Portraits of Hope
Trigger Warning for this collection.
*This statement and art was written before treatment and recovery. I left it as is for others who may be at this stage. Know that a good life is our there for you… life doesn’t have to be this way.
Portraits of Hope 2007-2008
I have just completed the final painting of my series. These images are ones that have plagued my mind until they adorned the paper they now live on. I think of the fragility of the surface and the emotions they encompass just like a human being.The urgency of these works needed to be free; or rather free from me. This journey has left me with little sleep over the last five months, and now I feel I can breathe once again. As I sit here surrounded by my work, they seem to stare back at me questioning, “what have you done to me?” I am now blatantly and callously aware of where I have come from and what I still am. In these works lie the places in my mind where I should never want to go again. Unfortunately, I am all too aware, my illness is neither curable nor is the insatiable desire and compulsive need for the madness diminishing……so I hope. I hope I will find that place that will fill me with contentment, a place of safety and belonging, but for now, that place will live in my passion to paint; create.
This is a collection of self-portraits. I began by struggling with the images in my mind, trying to use other people in my place as models, but when the emotion and truth fell short, I knew I had to use myself. Mental illness has taken a toll on me for most of my life, so I had to put myself in a vulnerable position. I had to stop hiding behind my paintings and tell my story. There is an inspired madness I love and adore; in fact, I am addicted to it. Sadly, the glorious high always wears off, and this is when darkness takes his turn. I often question why was I infected such a cursed gift? Why am I willing to risk my life and happiness just to feel the fleeting moments of grandiose madness? Why do I so ignorantly forget about the Darkness that follows? The destruction he causes? This, the madness, has stolen away so many things I have loved, created moments of unforgivable chaos, and taken pieces of my life away that I will never recover. This is where my paintings were created; take life. These voids I fill with hope, and I draw from them the strength to continue onward.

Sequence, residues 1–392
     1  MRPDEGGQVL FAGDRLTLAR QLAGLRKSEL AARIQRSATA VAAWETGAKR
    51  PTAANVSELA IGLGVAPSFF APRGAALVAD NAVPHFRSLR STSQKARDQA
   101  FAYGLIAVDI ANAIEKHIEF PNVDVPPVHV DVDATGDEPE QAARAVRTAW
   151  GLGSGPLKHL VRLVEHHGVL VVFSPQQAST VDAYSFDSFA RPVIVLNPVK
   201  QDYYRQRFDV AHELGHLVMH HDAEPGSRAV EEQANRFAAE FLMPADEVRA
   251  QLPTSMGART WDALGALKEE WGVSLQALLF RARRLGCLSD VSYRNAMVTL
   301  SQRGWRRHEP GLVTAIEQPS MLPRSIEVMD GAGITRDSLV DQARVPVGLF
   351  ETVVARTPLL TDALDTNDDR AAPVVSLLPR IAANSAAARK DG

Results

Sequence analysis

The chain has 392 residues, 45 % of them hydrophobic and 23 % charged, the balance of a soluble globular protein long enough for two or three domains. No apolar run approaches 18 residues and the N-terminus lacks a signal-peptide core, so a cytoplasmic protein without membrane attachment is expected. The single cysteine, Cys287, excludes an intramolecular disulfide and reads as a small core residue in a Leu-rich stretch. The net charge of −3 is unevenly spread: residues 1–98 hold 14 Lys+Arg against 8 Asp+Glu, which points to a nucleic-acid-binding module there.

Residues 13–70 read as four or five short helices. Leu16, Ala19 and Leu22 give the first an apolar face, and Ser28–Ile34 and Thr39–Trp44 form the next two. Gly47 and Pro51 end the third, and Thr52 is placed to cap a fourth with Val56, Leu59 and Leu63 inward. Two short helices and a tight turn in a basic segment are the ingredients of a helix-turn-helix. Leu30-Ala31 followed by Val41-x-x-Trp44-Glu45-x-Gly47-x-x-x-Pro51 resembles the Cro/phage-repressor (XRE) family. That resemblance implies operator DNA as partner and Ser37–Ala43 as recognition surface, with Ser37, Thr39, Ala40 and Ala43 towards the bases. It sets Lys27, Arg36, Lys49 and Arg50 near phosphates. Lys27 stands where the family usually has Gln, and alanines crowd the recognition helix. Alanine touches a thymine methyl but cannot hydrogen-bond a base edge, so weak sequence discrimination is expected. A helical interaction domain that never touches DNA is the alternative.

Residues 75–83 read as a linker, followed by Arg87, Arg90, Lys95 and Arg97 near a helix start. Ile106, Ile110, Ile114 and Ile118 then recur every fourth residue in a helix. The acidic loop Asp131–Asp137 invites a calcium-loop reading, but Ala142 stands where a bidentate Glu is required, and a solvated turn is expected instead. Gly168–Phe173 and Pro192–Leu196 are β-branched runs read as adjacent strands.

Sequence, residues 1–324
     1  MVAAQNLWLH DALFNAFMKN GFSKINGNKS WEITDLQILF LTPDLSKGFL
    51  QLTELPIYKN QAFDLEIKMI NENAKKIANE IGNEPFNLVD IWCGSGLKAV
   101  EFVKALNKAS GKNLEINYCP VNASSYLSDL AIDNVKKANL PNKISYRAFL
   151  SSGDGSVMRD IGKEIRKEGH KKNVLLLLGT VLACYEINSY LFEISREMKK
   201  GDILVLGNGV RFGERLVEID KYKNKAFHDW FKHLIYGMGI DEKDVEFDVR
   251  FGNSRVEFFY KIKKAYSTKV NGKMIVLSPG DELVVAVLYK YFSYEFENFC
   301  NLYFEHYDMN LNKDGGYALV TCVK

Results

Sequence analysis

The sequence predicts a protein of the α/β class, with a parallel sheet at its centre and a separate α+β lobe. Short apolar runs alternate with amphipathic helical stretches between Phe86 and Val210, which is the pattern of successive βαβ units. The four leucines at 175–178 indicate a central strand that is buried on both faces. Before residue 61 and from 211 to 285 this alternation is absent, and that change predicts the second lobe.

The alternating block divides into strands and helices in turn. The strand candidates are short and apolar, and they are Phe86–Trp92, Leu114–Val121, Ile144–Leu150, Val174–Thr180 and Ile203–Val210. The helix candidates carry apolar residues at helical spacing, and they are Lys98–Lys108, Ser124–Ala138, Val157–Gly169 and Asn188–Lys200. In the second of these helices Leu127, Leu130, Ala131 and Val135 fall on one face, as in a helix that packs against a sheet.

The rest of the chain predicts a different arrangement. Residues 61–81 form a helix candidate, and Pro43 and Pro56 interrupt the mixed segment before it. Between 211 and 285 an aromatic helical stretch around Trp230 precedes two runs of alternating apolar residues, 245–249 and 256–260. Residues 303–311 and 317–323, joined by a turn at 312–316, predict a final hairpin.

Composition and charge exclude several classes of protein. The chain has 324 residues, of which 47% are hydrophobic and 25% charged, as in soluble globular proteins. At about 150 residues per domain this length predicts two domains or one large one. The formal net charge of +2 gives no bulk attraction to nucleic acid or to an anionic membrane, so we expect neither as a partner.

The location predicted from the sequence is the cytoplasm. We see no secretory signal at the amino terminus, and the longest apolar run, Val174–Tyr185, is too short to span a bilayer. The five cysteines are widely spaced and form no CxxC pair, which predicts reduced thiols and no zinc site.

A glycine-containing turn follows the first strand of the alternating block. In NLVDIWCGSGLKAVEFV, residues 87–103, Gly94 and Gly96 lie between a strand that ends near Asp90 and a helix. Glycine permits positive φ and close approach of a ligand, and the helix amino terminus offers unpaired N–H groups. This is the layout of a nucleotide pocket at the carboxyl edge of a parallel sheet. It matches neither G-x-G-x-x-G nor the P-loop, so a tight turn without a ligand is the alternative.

Mostly, I have hidden my illness, fearing judgement and labeling . The fear of being confronted with questions that I could not answer. I did not want anyone’s pity, but true understanding would that be an impossibility? Why can’t I just take my medication and lead a normal life? Why do I treat the ones I adore the worse? On and on the question circle my mind, all too often without answers. For the first time, I am completely open to what I feel through my paintings. I put my melancholy, my depression, the utter loneliness, the constant cycling thoughts of suicide, the fear of losing my mind, everything I didn’t want anyone to see. These paintings began as my “portraits of my hope,” but I now know this is not just my battle. Everyone paints their own “portraits of hope” either in one’s mind or on canvas.